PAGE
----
PROMOTER Kalle Sauerland is working on a Plan A and Plan B as he looks for the second season of the World Boxing Super Series to close out in style.
Sauerland is in Germany for the cruiserweight final having had to change the location from a packed crowd in Latvia to a studio due to the global pandemic.
Now, it’s down to Yuniel Dorticos and Mairis Breidis to deliver the fireworks we have come to anticipate from the WBSS.
Sauerland is expecting them to do just that.
“You’ve got No. 1 against No. 2 at the weight class,” he said. “You’ve got two forward-thinking, aggressive guys, both technically gifted, Dorticos relies a lot on that big right hand and I think he will try to land that very early, and Breidis is a sensational counterpuncher so they’re certainly going to gel.”
Kalle has been adapting to the new obstacles promoters are facing in the current world, including going on loop with Zoom interviews.
“It’s been a lot more work on the promotional side,” he explained. “Before, we would have sat down with the press and done one-on-ones in a different way, this week alone I’ve done over 40 Zooms so it’s like doing the press conference 40 times in what would have been done in one press day. In a way, it allows for better reporting of the event because everyone will cover it in different ways, so there are positives.”
There are, of course, also negatives. Not only is he without a sell-out crowd, he’s without any crowd at all.
“[There will be] zero externals, no media, no journalists, the closest to media is in the form of the commentary team [Chris Lloyd and Darren Barker], then there’s the ring announcer and we’ve got a lady with us who’s doing the interviews, it is what it says, behind closed doors,” he said firmly, while pointing out how they have been hit as a spectacle.
“The semi-finals and the finals, they’ve all been big, sell-out arenas whether it’s been 20,000 in Tokyo or Moscow, Jeddah was a bit less but it was still sold out, 12-13,000, then the semi-finals were big events at the Sochi Arena, the MEN [Manchester Arena], so we do rely on crowds, we want crowds, but for our model we are more flexible in that we work with a different dynamic, with a multi-fight contract over a year. It’s obviously a tournament but the contracts are perhaps more flexible and adaptable to a pandemic situation and that’s what we’re looking at for season three. The job for us now will be to work out the weights, the amount of weights and do we do them in a normal way and that’s something we, as a team, are working on and then there will be discussions with our broadcast partners. But we will definitely have a Plan B to secure the events in case there are no public events in 2021 – as far as is possible. But even if we announced the next season next week we won’t be able to start this year because you’d have to announce it, have the draw, the whole thing… The soonest you could have it would be January, so I think something to start early 2021 and then go through the calendar, but that’s something we need to look at with our partners and a firm plan will be made of how we see the world situation and the sporting and promotional side of things with our partners – and the financial side of things as well.”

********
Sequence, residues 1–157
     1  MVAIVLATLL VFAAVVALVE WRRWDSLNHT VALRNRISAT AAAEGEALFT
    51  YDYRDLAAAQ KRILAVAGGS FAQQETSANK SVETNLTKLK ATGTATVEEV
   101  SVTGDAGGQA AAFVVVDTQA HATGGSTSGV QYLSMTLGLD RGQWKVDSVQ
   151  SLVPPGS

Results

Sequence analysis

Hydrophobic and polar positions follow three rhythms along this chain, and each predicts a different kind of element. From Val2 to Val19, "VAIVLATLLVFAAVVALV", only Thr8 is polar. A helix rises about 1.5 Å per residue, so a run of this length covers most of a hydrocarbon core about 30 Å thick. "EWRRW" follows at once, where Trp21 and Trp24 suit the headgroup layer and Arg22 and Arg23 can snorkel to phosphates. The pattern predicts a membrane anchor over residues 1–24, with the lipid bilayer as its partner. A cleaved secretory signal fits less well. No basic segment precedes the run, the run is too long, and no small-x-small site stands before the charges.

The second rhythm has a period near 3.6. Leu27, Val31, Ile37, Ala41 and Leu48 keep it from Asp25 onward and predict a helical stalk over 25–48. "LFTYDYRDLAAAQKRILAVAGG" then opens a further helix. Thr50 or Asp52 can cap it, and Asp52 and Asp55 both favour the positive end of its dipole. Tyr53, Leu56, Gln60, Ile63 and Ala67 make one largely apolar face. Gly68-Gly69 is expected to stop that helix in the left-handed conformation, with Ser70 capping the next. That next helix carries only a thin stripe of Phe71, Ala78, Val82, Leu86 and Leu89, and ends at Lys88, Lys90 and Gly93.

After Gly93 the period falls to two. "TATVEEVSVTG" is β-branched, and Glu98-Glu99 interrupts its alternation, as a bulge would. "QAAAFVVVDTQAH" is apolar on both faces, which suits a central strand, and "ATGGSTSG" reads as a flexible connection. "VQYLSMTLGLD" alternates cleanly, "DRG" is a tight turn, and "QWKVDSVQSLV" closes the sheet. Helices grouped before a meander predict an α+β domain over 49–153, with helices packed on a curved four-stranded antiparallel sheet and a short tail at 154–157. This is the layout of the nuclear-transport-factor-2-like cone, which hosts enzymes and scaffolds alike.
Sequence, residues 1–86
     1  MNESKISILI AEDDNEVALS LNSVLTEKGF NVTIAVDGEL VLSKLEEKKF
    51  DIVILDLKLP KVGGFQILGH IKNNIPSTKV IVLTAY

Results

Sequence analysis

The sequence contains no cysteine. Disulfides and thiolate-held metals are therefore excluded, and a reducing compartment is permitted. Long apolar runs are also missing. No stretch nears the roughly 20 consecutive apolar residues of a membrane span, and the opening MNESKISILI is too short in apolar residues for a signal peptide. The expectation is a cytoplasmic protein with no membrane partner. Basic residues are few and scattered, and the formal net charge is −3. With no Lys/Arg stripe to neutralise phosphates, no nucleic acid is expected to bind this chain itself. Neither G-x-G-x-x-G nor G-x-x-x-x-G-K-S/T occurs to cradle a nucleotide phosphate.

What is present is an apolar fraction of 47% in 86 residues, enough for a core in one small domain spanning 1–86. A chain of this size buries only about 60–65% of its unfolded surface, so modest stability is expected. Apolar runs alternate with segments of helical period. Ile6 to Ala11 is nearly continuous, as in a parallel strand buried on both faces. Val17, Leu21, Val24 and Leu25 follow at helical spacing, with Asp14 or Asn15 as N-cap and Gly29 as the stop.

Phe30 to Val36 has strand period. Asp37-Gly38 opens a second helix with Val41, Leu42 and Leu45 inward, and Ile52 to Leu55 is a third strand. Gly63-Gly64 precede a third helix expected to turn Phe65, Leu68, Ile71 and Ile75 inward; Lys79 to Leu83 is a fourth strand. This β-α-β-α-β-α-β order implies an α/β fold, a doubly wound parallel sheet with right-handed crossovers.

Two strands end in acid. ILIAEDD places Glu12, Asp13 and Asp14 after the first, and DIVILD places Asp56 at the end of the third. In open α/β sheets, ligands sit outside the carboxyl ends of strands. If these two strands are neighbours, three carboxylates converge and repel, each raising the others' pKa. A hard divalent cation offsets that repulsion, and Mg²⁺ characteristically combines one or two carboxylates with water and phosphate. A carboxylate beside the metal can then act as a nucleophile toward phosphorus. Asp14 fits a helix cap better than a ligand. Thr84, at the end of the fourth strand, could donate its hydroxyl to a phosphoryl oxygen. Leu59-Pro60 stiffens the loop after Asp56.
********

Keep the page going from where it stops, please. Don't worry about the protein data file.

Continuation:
One thing a tournament does offer that few can guarantee is activity, certainly for victors who progress to the next round of each event.
That might help lure fighters into the third season.
“You’re preaching to the choir,” Sauerland added. “The situation we can offer to the bigger names and the world champions is activity.”
The WBSS will be screened on Sky Sports in the UK while the Josh Taylor fight with Apinun Khongsong, the first male world title fight in the UK since the start of lockdown, goes ahead on BT Sport.
Fight fans will be hoping the bouts don’t clash.
“It would be a shame but at the same time all of our starts are a sharp 10 o’clock walkout time, UK time,” Sauerland went on. “It would be unfortunate; we’ve done that for the last three years and we haven’t tried to do anything against another network. I think it’s a great show and Taylor is a WBSS world champion but the fact we have a 10 o’clock walkout time is known to every broadcaster in the business, everyone also knows that the Champions League starts at 7.45pm on a Tuesday and a Wednesday. That’s the model, we programme with consistency and that’s why we’ve always gone for that 10 o’clock time on a Saturday night.”
It’s a potential problem fight fans didn’t think they’d have to contend just a few short weeks ago, but these shows allied to the impressive Showtime event topped by the Charlo-Derevyanchenko and Carlo-Rosario double-header, there’s a feeling that boxing is back. It might not be as we knew it or remember it but it’s back.